Pregnancy is one of the most emotionally-charged events in a woman’s life. Often, the mother-to-be goes through a roller coaster of emotions, from ecstatic and overjoyed to worried and anxious. The anxiety always stems from not knowing if her baby will be born healthy or with complications.
A mother’s worst fear is knowing that her child will be born with some kind of medical condition. While it’s understandable, these fears can be managed if you reframe your thought process and treat a baby diagnosed with special needs not as a burden, but as a bundle of joy that requires extra love.
In a lot of cases, moms-to-be will blame themselves—they’ll think they didn’t take enough vitamins, or maybe they ate or drank something they shouldn’t have—but at the end of the day, these things can happen to anyone for a variety of reasons, few of which involve human intervention.
Some mothers will feel an overwhelming sense of pressure, even guilt; a lot of women blame themselves for their baby’s condition, despite the fact that special needs diagnoses like Down’s syndrome or autism can occur naturally.
Yes, those conditions mean that your child will go through a very different process of growing up compared to other children, but this just means that they will be born unique and no less worthy of love and care. Some mothers take this opportunity to learn even more about their baby: what their needs will be and how they can be better mothers in the process.
It can be easy to fall into a blackhole of despair during these moments, but it’s important to remember: it’s not your fault and your baby will be beautiful, flaws and all.
As your due date looms nearer, some mothers ask themselves: how can I prepare for such a momentous occasion? How can I make sure that my baby gets the special needs that they deserve? We’ve compiled a short list of things that could help you in your wonderful journey with your special bundle of joy.
Get to Know Your Baby and Their Condition
The internet has given us unlimited access to information regarding pretty much anything we can think of. Some mothers, craving more information about their baby and their diagnosis, will be tempted to go online to find out as much as they can. But be cautious: not everything you see on the internet is reliable.
Some websites might claim to have the information you need, but a lot of websites will also show you the worst possible scenario for you and your baby, and that’s not necessarily healthy. When looking online, always make sure that your sources are reliable and credible. Don’t fall for fear-mongering sites that encourage you to buy dubious ointments or medicines that claim to “cure” your baby’s condition.
The best way to educate yourself? Consult your doctor, ask them for credible and reliable resources that you can read, research on your baby’s condition and don’t be afraid to ask your primary medical provider about any questions you might have, and always get a second, even a third, opinion. You can also try talking to parents of children with similar diagnoses, as they can help you prepare mentally and emotionally for the journey of raising a special needs child.
It’s Ok to Feel Overwhelmed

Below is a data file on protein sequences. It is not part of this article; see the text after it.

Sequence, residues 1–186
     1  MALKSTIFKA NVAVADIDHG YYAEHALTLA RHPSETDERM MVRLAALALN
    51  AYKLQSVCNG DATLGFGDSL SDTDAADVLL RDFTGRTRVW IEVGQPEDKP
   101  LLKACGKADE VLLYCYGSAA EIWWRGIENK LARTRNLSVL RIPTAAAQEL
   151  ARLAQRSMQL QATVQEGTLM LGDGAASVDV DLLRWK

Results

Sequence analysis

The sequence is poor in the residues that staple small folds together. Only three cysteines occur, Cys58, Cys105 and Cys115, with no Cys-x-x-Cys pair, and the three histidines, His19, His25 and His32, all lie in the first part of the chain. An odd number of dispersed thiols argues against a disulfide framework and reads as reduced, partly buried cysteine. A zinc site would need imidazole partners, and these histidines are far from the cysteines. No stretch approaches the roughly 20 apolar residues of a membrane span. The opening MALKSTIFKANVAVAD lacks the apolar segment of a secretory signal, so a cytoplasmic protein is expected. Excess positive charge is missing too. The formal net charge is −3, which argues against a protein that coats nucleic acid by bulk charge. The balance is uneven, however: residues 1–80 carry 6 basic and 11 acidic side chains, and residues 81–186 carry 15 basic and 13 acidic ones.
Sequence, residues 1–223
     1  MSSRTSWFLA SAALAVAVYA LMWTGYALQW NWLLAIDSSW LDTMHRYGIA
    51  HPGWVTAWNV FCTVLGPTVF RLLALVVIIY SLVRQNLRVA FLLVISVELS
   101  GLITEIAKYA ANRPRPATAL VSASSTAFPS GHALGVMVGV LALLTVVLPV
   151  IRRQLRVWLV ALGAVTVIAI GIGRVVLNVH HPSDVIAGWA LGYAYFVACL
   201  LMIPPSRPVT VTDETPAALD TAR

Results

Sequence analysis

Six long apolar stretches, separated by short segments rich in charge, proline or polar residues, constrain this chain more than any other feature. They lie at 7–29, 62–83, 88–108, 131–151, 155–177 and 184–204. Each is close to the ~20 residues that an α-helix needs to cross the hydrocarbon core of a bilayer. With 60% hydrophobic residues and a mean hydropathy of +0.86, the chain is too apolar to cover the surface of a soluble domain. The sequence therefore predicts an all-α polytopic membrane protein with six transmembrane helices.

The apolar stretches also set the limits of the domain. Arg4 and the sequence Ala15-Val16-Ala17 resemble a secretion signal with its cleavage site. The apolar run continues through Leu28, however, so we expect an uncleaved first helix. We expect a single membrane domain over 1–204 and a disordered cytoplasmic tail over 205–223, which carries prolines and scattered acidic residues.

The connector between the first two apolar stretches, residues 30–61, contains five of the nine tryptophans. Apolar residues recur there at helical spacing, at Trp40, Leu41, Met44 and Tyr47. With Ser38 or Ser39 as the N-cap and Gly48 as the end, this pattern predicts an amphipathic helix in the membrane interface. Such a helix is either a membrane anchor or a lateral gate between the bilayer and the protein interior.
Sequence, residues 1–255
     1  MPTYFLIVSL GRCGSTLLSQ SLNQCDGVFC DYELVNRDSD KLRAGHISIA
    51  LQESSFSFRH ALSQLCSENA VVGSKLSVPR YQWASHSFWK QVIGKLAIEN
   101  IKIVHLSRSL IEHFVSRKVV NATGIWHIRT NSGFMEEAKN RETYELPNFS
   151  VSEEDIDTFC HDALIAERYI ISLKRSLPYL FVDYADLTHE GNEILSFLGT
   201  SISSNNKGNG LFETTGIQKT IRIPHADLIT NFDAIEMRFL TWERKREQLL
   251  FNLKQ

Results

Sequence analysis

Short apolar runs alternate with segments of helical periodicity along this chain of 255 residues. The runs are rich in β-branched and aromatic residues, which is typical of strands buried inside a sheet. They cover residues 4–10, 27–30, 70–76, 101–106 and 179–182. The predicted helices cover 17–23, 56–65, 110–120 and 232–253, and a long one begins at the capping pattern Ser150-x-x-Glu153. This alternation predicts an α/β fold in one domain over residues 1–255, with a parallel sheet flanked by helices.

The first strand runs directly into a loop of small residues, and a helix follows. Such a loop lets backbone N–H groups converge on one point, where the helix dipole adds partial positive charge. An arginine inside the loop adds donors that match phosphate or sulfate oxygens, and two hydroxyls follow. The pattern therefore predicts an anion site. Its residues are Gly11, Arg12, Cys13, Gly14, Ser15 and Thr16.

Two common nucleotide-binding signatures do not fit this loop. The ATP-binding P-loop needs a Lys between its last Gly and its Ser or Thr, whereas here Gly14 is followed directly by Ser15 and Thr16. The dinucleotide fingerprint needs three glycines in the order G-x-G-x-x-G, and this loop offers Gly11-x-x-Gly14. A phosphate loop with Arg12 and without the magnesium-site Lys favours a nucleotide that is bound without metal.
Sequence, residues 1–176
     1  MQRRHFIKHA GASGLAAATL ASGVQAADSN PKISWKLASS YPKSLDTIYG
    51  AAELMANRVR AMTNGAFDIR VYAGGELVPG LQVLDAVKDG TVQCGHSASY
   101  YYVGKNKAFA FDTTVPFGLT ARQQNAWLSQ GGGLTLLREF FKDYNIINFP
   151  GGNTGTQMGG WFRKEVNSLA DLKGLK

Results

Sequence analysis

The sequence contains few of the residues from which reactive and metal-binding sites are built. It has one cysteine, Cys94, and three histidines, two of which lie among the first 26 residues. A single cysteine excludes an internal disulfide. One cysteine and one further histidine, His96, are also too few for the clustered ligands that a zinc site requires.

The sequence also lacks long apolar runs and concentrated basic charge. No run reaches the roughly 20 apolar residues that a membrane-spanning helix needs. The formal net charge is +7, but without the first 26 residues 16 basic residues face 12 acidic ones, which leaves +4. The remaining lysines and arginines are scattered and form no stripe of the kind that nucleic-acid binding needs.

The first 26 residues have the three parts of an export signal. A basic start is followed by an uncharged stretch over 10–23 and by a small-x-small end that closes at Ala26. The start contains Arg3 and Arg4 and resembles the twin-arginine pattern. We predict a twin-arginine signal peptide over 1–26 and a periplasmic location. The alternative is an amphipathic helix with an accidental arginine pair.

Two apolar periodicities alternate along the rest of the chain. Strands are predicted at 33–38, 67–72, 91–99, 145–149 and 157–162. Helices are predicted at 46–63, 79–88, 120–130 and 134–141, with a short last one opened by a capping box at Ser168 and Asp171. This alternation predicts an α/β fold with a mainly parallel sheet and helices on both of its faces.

Despite all the joy and wonder that your special needs child will bring you, some parents may feel overwhelmed and even find themselves going through the stages of grief: denial, anger, and even sadness can come from knowing that your child has a special condition. And that’s ok. Allow yourself the emotional space to feel your feelings without guilt.
Talk it out with your partner; this is the time that couples will have to rely on each other psychologically and emotionally. Don’t be afraid to have open, respectful, and most importantly loving, dialogues to help you be ok. Learn how to channel your energies into becoming better people, better partners, and ultimately, better people.
Remember: the last stage of grief is acceptance, and when you reach it, you will find an infinite well of unconditional love and hope for your child.
Plan for the Future with Hope
Raising a special needs child will often require parents to ask hard questions about their finances: will we be able to afford to send our child to a special school? How will we be able to afford the special equipment our child needs to help them with their daily tasks? Some children with special needs might require motorized wheelchairs, feeding tubes, oxygen tanks, and even special medical equipment.
It can take awhile to get used to the idea, but a lot of parents with special needs children say that, once the initial shock of this huge life change wears off, most of the special care becomes routine. And while some routines can be harder than some, most parents will feel an even closer bond with their child because of it.
Again, talk with your partner, find out what the both of you can do to earn as much money as you need so that you and your family can live comfortably while providing your special needs child with all the help they can get. Consult with financial planners and figure out a financial plan that will afford you a secure future, with enough leeway for future therapies, special education, hospitalization, further equipment or even emergency procedures.
It can be daunting, even overwhelming, but with the right attitude and a lot of hard work, even this can be resolved.
Always remember: your child is more than their condition, more than their disability, and more than enough. Beyond the anxiety of expecting to care for a special needs child, remember that it will be your child, and that they will be loved wholeheartedly no matter what.
Don’t be afraid of the challenges that lie ahead, plan for your future, and always remain loving.